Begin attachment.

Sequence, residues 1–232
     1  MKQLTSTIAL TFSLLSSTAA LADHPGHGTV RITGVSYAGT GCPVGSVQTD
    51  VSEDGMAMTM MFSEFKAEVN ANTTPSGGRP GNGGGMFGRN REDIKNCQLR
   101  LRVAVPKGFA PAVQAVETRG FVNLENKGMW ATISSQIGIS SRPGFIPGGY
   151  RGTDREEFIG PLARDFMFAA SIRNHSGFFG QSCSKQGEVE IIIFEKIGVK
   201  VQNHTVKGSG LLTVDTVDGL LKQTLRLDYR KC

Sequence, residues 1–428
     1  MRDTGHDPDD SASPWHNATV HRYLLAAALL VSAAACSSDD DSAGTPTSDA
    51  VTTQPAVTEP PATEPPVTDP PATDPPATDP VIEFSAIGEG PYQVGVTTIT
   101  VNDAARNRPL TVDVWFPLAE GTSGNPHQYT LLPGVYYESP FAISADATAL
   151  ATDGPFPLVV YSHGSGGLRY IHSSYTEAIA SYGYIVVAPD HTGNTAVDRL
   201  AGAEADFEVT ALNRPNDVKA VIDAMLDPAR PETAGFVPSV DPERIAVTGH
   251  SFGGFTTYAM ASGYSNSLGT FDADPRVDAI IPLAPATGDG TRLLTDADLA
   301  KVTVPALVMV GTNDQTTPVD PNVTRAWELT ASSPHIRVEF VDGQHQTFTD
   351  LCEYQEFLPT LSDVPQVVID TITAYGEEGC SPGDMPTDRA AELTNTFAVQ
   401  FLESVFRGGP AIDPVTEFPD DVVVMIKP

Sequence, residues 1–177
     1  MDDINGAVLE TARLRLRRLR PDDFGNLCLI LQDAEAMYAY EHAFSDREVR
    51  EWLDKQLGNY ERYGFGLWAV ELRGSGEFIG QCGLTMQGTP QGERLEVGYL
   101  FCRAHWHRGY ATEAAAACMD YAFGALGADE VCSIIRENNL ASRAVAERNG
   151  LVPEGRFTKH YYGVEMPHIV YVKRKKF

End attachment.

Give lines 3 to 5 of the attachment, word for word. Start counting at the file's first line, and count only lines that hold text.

    51  VSEDGMAMTM MFSEFKAEVN ANTTPSGGRP GNGGGMFGRN REDIKNCQLR
   101  LRVAVPKGFA PAVQAVETRG FVNLENKGMW ATISSQIGIS SRPGFIPGGY
   151  RGTDREEFIG PLARDFMFAA SIRNHSGFFG QSCSKQGEVE IIIFEKIGVK